I got a response to my last blog about EQ that I found really interesting. Having a high EQ, or being relatively self-aware does not necessarily make you easy to work with but it is a important aid for one to understand the effect you have on others and to understand the emotional needs of others. This brings me to my blog for today about being a team player or being solo. I am not sure which one I am. I think it depends on the day and the task at hand. Last week I heard two presentations that basically advocated for the opposite approach: SOLO vs TEAM. One presenter stated that no one is really a team player. I am not sure if he was implying that human beings by nature are intrinsically self-seeking beings looking out for their own interests, but this is what I think when I look at the social problems in our world. Does anyone really care about the other?

Anyway, the other presenter said that team playing is pertinent in the business world and a good team player is a connector and a communicator. I like the collaboration that can exist in good team work. You hear thoughts/ideas from people that connect to yours and the result is magical. But this doesn't always happen. What makes a good team? I have a thought: Teams are successful when everyone in that team has something to lose. This means that everyone in the team is concerned about the outcome of the teamwork and will thus put much effort into the work. I guess this relates to having the same objective and shared goals as a team.

I have solo dreams but I know it is important for me to meet people that can facilitate in me accomplishing my goals. I am still not sure if I am a solo person or team person.

Thursday, March 16, 2006

what's the use of a high EQ?

Ok. I am a little behind on this blogging thing. I am now on day four of the World of Work Programme at Wits and I must say it is intense and draining. At the same time, I am soaking up all of the vital information from each seminar. I will start from the second day on emotional intelligence. I feel that I am in tune with myself emotionally or should I say "self-aware."

When you are outside of your comfort zones, whether it be your home, community or country, you suddenly get a sense of how the (rest of the) world sees you and then you start to ask yourself "how do I see me"? It was a question I have asked myself over and over again. From the most obvious (gender) to the most nuanced. From that point I have noticed that how I see myself is displayed consciously and subconsciously in my interactions with others. I can use the example, if I want others to see my as approachable and accessible I have to see myself that way. It's work in progress. This relates to what Shameen Naidu said about taking care of and understanding yourself first before you try to help others. Self awareness is imperative to social awareness and social skills.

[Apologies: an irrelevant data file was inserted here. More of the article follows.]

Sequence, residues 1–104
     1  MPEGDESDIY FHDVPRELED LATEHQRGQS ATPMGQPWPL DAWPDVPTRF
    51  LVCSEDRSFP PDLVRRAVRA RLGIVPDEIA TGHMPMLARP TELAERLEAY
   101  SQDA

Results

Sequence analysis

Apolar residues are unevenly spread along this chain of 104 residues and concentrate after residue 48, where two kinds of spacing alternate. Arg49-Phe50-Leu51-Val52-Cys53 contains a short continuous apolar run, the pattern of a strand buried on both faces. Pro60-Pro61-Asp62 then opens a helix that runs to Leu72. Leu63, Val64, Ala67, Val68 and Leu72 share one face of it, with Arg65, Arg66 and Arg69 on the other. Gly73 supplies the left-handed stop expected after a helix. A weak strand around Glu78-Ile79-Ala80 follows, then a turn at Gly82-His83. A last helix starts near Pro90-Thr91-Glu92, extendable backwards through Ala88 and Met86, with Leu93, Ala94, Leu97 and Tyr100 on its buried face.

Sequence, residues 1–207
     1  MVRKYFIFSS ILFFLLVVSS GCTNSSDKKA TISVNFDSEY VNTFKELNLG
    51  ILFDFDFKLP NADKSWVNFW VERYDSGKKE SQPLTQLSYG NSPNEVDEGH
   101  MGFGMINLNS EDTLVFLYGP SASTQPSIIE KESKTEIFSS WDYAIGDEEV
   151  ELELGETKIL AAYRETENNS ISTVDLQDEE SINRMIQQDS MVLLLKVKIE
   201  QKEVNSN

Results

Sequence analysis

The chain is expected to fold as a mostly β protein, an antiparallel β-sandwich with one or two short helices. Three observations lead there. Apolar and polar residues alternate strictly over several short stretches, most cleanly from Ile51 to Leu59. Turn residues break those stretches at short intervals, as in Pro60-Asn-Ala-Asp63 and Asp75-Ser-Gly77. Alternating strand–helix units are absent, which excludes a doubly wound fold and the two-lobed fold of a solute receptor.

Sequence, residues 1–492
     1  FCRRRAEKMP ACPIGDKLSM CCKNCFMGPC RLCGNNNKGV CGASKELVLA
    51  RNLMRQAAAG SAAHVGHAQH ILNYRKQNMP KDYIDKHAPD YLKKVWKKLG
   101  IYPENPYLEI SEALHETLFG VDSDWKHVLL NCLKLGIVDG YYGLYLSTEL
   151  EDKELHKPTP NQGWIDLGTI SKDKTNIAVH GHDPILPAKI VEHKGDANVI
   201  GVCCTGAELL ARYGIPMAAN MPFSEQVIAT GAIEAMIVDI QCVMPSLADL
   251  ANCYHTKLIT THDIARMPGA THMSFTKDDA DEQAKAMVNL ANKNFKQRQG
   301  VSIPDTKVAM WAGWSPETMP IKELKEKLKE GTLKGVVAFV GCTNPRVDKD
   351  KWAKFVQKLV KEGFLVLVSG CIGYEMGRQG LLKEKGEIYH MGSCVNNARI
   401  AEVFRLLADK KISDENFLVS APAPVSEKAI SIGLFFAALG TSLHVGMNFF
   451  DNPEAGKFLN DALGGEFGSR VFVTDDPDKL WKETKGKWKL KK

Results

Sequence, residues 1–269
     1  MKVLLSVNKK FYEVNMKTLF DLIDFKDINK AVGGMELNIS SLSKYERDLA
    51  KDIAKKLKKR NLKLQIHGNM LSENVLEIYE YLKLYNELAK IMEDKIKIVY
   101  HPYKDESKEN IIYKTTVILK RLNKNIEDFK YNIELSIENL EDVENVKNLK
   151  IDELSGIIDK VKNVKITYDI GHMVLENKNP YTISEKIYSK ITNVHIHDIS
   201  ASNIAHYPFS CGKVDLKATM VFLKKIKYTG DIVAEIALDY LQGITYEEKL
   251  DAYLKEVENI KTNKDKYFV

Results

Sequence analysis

The questionnaire that measures our emotional intelligence says that I have an EQ of 140, which is a high average. This gives me confidence that I can use this as an asset in whichever environment I become a part of: whether it is at a non-profit or ngo, corporate world or government.

Nevertheless, I have a question: is having a high EQ an essential component to being successful or does it just make you easier to work with?

Tuesday, March 14, 2006

World of work requirement: RESILIENCE

The first day of the World of Work (WOW) programme was very inspiring. I wanted to be a part of this programme because I feel that I have been stuck in the books for too long and now I ready to become professionally equipped to bring forth my ideas and plans for social change for girls and women worldwide. Tina Thompson, of Business Woman's Association of South Africa (BWSA), was simply great. While giving us the reality check about the world of work, (the fact that your boss may be harder than any professor you ever had), she stressed the importance of passion and enthusiasm for what you do as imperative to great achievement. Her 15 tools to build RESILIENCE are notes that I see myself referring to for a long time to come. Michelle Buthelezi, also of BWSA, said that personal integrity should never be compromised, particularly for money.

As a woman trying to work to empower other women, it was significant for me that the first two presenters of this programme were women and also mothers. As someone who wants to be a mother myself as well as a viable businesswoman, intertwining these desires and roles as a woman is sometimes discouraged in the professional setting. It seemed unintentional but Both Thompson and Buthelezi spoke about the challenges and realities of being a mother as well as a woman who has her own aspirations to be successful. It brought it real aspects of professional and personal ambitions that we try to balance daily. Thank you both:-)